Lockheed Releases Open-Source Satellite Docking Interface Standard

Lockheed Martin wants to accelerate the on-orbit servicing industry with a common docking standard.
Credit: Lockheed Martin

Lockheed Martin on April 4 released online an open-source interface standard for on-orbit satellite docking.

The Mission Augmentation Port, a mechanical interface design that the company calls “nonproprietary,” is an attempt to establish an industry-wide standard that would allow on-orbit servicing or mission augmentation companies to connect to a wide variety of satellites quickly and easily. 

“Just like USB was designed to standardize computer connections, these documents are designed to standardize how spacecraft connect to each other on orbit,” says Paul Pelley, senior director of advanced programs at Lockheed Martin Space. “We believe it’s in the best interest of the nation for the industry to have common interface standards to provide mission agility and enterprise interoperability.”

Lockheed Martin’s Augmentation System Port Interface (ASPIN) was designed in compliance with the standard. ASPIN is a docking adapter included in Lockheed Martin’s baseline LM 2100 Combat Bus, the basis for the U.S. Space Force’s Space Based Infrared System Geosynchronous satellite 5.

ASPIN could allow an operator to upgrade a satellite with new processors, storage and sensors. It might also allow the operator to replace or retrofit components after launch, Lockheed Martin says. It may also support future refueling interfaces, the company said.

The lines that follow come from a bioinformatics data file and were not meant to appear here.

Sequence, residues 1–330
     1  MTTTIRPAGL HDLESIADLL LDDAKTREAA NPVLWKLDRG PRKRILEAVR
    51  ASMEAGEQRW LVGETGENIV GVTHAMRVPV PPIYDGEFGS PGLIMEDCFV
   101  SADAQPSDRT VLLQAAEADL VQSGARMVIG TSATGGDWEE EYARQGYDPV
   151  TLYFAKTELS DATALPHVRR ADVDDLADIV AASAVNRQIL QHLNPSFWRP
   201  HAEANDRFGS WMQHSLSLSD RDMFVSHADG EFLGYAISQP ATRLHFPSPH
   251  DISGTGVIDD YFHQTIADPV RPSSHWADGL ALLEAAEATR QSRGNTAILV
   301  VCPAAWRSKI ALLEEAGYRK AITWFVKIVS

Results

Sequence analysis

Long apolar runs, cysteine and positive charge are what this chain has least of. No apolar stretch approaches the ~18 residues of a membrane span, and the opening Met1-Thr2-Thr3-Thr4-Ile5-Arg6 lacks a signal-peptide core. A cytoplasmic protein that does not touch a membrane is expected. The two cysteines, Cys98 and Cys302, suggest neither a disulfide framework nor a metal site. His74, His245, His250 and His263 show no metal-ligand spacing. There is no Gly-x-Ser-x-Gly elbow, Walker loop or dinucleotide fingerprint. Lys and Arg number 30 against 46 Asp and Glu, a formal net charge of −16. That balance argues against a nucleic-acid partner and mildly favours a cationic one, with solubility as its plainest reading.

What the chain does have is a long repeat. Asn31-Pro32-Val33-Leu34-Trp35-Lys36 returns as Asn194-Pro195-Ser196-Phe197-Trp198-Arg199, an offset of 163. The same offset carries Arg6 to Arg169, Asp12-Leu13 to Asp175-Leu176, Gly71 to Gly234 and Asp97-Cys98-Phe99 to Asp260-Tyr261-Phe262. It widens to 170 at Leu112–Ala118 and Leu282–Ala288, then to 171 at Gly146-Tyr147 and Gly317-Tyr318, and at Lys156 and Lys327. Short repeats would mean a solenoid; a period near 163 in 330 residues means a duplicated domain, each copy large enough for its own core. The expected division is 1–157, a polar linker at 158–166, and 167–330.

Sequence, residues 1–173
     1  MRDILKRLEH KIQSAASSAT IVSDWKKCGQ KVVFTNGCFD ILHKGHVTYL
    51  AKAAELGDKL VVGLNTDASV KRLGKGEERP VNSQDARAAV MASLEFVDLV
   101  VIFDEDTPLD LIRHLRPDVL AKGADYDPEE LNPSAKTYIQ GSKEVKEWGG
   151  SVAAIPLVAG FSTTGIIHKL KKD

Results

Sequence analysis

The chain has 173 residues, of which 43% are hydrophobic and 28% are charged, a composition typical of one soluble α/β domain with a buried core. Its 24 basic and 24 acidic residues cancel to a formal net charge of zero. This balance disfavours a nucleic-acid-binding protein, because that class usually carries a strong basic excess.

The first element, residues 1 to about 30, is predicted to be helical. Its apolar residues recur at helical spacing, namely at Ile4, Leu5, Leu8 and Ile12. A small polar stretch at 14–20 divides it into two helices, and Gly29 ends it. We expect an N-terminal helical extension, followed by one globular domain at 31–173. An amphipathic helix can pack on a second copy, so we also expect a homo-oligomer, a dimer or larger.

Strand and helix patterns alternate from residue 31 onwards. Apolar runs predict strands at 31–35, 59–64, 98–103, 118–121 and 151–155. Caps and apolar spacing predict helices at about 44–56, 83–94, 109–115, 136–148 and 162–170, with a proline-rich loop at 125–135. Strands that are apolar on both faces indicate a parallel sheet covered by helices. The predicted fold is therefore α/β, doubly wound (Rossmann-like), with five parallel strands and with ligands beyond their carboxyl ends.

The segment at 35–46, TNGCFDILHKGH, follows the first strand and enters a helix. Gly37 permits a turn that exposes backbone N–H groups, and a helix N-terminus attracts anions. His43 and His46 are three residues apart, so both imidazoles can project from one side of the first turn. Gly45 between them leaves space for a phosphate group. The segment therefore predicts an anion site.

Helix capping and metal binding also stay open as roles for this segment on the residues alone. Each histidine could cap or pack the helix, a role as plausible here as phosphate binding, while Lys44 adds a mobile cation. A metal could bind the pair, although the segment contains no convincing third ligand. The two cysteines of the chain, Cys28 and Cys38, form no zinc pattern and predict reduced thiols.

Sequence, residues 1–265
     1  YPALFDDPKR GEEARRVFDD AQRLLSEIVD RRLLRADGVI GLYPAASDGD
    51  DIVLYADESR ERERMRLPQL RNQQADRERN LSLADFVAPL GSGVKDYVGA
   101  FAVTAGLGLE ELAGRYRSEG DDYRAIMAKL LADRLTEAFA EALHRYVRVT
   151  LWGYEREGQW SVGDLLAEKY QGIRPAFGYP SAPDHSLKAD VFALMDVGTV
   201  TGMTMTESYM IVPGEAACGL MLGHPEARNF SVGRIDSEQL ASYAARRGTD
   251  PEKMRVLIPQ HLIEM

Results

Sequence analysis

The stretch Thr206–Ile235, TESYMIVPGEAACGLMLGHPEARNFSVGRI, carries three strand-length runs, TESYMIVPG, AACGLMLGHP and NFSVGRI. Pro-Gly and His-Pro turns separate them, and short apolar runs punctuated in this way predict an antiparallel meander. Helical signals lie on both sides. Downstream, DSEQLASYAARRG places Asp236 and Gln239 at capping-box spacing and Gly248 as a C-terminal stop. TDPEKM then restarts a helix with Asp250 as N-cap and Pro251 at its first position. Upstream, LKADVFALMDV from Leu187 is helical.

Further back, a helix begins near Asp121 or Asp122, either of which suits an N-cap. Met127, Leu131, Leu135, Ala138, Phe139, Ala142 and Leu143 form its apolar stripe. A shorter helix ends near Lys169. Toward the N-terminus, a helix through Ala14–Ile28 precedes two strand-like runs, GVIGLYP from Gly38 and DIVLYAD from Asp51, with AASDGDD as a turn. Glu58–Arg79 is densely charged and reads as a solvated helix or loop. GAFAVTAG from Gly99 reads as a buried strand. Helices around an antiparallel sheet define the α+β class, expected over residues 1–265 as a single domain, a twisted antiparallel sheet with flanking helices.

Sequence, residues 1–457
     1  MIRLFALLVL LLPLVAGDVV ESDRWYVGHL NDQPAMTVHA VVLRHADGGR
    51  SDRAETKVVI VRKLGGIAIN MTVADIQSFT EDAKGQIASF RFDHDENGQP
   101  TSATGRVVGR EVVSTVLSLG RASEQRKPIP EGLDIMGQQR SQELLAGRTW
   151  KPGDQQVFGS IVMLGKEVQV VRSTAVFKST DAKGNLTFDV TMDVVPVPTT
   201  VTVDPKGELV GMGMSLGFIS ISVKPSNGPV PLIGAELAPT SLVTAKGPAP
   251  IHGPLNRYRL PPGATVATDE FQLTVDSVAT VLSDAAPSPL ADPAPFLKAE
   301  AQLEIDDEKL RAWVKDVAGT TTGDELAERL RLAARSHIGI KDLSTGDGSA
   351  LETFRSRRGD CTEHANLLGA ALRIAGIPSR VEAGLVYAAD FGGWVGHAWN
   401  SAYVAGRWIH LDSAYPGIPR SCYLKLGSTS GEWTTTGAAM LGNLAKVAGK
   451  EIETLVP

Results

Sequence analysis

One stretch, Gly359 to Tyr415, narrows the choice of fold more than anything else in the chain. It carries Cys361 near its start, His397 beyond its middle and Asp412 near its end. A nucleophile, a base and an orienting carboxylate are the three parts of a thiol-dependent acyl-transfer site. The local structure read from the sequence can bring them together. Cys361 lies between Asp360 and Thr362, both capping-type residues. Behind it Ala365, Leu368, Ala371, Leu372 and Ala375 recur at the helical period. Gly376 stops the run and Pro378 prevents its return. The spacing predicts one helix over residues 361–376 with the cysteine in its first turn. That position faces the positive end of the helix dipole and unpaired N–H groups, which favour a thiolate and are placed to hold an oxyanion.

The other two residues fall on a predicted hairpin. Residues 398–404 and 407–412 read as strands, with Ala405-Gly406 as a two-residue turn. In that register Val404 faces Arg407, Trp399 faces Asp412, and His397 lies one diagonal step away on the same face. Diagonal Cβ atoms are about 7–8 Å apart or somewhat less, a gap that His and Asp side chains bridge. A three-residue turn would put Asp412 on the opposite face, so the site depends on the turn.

Manufacturers interested in incorporating the Mission Augmentation Port into their space vehicles can download documents describing the standard from Lockheed Martin’s website.

“The data released by Lockheed Martin can be used by designers to develop their own [Mission Augmentation Port]-compliant docking adapters that will—barring some required discussion between servicers and hosts to coordinate missions—permit interoperability of docking satellites,” the company says. “Specifically, the documents released contain the information required for a compliant physical mate of docking port halves, such as the dimensions of plates and petals. While determined to be application specific, suggestions for electrical interfaces and docking profiles are included.”

Lockheed Martin and others, such as Northrop Grumman’s SpaceLogistics, see the nascent on-orbit service market as a potential way to more rapidly upgrade satellites while also extending the platforms’ longevity.

“Ultimately, our goal is to drive the development of a new ecosystem where a platform’s function can change at the pace of technology,” Pelley says. “This ecosystem will be made up of [satellite augmentation vehicle] providers, payload manufacturers, and others who will benefit from the on-orbit augmentation infrastructure.”

Garrett Reim

Based in Los Angeles, Garrett covers the space sector and advanced technologies that are shaping the future of aerospace and defense, including space startups, advanced air mobility and artificial intelligence.